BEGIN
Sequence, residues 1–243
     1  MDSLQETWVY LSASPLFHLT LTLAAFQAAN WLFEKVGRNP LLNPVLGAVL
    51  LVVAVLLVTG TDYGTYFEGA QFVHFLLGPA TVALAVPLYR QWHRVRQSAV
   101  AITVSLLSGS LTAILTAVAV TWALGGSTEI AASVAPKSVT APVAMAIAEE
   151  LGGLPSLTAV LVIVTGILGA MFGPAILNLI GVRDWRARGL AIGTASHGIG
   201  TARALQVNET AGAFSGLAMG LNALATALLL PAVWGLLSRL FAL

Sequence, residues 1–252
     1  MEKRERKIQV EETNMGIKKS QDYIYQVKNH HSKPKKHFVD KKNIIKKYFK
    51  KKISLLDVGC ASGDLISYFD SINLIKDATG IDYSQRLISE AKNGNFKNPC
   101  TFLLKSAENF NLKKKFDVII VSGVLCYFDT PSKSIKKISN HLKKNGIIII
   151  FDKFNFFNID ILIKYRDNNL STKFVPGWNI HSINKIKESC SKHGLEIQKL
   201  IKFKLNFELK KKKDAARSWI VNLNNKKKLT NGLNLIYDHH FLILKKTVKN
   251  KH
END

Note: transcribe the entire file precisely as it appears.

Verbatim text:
Sequence, residues 1–243
     1  MDSLQETWVY LSASPLFHLT LTLAAFQAAN WLFEKVGRNP LLNPVLGAVL
    51  LVVAVLLVTG TDYGTYFEGA QFVHFLLGPA TVALAVPLYR QWHRVRQSAV
   101  AITVSLLSGS LTAILTAVAV TWALGGSTEI AASVAPKSVT APVAMAIAEE
   151  LGGLPSLTAV LVIVTGILGA MFGPAILNLI GVRDWRARGL AIGTASHGIG
   201  TARALQVNET AGAFSGLAMG LNALATALLL PAVWGLLSRL FAL

Sequence, residues 1–252
     1  MEKRERKIQV EETNMGIKKS QDYIYQVKNH HSKPKKHFVD KKNIIKKYFK
    51  KKISLLDVGC ASGDLISYFD SINLIKDATG IDYSQRLISE AKNGNFKNPC
   101  TFLLKSAENF NLKKKFDVII VSGVLCYFDT PSKSIKKISN HLKKNGIIII
   151  FDKFNFFNID ILIKYRDNNL STKFVPGWNI HSINKIKESC SKHGLEIQKL
   201  IKFKLNFELK KKKDAARSWI VNLNNKKKLT NGLNLIYDHH FLILKKTVKN
   251  KH